Progressive Teachers Union of Zimbabwe President Takavafira Zhou, released a statement, bemoaning the level of neglect in monthly remunerations by the government, as teachers are now classified as the least paid civil servants.
The teachers concern comes after most of the civil servants are receiving a continual upward review of salaries, especially the security sector.
“A major fault line is the issue of serious discrepancies in salaries received by teachers in comparison to other sectors particularly police, soldiers, University Lecturers and top civil servants,” said Zhou.
Furthermore, it has emerged that the security sector and most of the civil servants received a lesser salary to that of teachers dating a year ago, as such the teacher’s union are demanding for government to remunerate them with a livable wage and restore their dignity through fair remuneration.
“We are all aware that at entry point teachers’ salaries were slightly higher than that of police and soldiers and one third of salaries received by University Lecturers. As such, giving teachers $1200 as 50 percent covid 19 allowance, soldiers and police $5000 to $9000, University Lecturers $19000 to $33000, top civil servants $25000 to $40000, baffles logic and common sense. Consequently, teachers received salaries ranging from $3800 to $4500 whereas police and soldiers received salaries ranging from $10 000 to $18000, top civil servants $50000 to $80000 and lecturers would receive salaries ranging from $38 000 to $66 000,” added the statement.
Teachers unions and other workers unions have been allegedly, fingered by the government for pursuing political agendas rather than workers agendas, as such the teachers and the government have not established any meaningful salary negotiations, as teachers have continued to protest.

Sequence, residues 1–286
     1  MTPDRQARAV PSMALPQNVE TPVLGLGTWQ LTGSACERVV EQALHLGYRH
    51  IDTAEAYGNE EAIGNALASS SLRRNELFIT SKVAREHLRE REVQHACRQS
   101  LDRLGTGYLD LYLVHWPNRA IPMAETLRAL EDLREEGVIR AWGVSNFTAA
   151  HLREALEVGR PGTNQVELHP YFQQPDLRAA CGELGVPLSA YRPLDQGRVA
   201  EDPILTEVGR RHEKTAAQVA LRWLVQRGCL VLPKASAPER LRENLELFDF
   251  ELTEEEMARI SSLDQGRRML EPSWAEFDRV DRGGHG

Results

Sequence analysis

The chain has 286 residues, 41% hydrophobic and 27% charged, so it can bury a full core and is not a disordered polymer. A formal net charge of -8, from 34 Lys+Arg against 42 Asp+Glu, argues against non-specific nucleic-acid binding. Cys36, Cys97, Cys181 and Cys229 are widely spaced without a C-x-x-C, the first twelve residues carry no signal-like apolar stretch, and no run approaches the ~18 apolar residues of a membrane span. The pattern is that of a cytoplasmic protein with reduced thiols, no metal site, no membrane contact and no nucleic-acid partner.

“Contrary to perception of some malcontents within the teacher trade union movement, this is not pursuit of any political party agenda but rather pursuit of monumental labour justice and a stand against unfair labour practice, callousness, prejudice, narrow-mindedness and political bigotry,” reads the statement.
Despite teacher taking an indefinite break from work due to the COVID-19 lockdown, most of the teachers are said to have ceased discharging their duties as expected before the advent of the COVID-19 lockdown.
“A considerable number of teachers turned to agony, anguish and wailing after receiving the starvation wages. Our view as PTUZ is that there is no need to regret for being a teacher, and teachers must never mentally resign although they physically remain teachers in Zimbabwe. The situation where 99 percent of teachers have mentally resigned although they physically remain as teachers is not enviable for the profession.”
Furthermore, the health sector is in the same predicament as, government nurses and doctors are currently on strike demanding a livable wage from the government. Commenting on the health situation in Zimbabwe a United Kingdom-based health practitioner Sandra Kudenga on Sunday highlighted that the government should fulfil its obligation of the right to health services for all and protection of health workers.
“The Minister of Health and Child Care should make it clear within the health system and publicly that intimidation and victimisation at health services to health workers is unacceptable. The State is responsible for ensuring rights to life and access to health services, and thus the protection of health workers and clients seeking healthcare,” highlighted Kudenga.
Liberty Pazvakawambwa SADC News Correspondent.